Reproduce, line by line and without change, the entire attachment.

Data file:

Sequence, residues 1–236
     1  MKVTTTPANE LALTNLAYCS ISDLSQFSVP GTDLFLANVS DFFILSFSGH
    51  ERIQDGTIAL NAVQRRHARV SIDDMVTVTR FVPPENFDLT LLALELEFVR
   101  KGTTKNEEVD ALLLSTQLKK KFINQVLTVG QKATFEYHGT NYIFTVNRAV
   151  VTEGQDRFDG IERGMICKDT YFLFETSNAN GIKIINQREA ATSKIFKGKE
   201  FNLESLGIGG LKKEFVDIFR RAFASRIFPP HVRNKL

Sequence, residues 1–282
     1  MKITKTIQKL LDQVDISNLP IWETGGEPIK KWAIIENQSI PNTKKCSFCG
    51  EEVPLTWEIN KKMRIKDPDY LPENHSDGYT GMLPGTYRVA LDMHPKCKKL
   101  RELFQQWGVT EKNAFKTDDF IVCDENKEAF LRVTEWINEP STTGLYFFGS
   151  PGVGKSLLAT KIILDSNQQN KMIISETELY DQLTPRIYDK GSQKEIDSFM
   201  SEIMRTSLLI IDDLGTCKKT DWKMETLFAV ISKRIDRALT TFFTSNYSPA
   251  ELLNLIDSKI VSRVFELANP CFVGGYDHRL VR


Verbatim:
Sequence, residues 1–236
     1  MKVTTTPANE LALTNLAYCS ISDLSQFSVP GTDLFLANVS DFFILSFSGH
    51  ERIQDGTIAL NAVQRRHARV SIDDMVTVTR FVPPENFDLT LLALELEFVR
   101  KGTTKNEEVD ALLLSTQLKK KFINQVLTVG QKATFEYHGT NYIFTVNRAV
   151  VTEGQDRFDG IERGMICKDT YFLFETSNAN GIKIINQREA ATSKIFKGKE
   201  FNLESLGIGG LKKEFVDIFR RAFASRIFPP HVRNKL

Sequence, residues 1–282
     1  MKITKTIQKL LDQVDISNLP IWETGGEPIK KWAIIENQSI PNTKKCSFCG
    51  EEVPLTWEIN KKMRIKDPDY LPENHSDGYT GMLPGTYRVA LDMHPKCKKL
   101  RELFQQWGVT EKNAFKTDDF IVCDENKEAF LRVTEWINEP STTGLYFFGS
   151  PGVGKSLLAT KIILDSNQQN KMIISETELY DQLTPRIYDK GSQKEIDSFM
   201  SEIMRTSLLI IDDLGTCKKT DWKMETLFAV ISKRIDRALT TFFTSNYSPA
   251  ELLNLIDSKI VSRVFELANP CFVGGYDHRL VR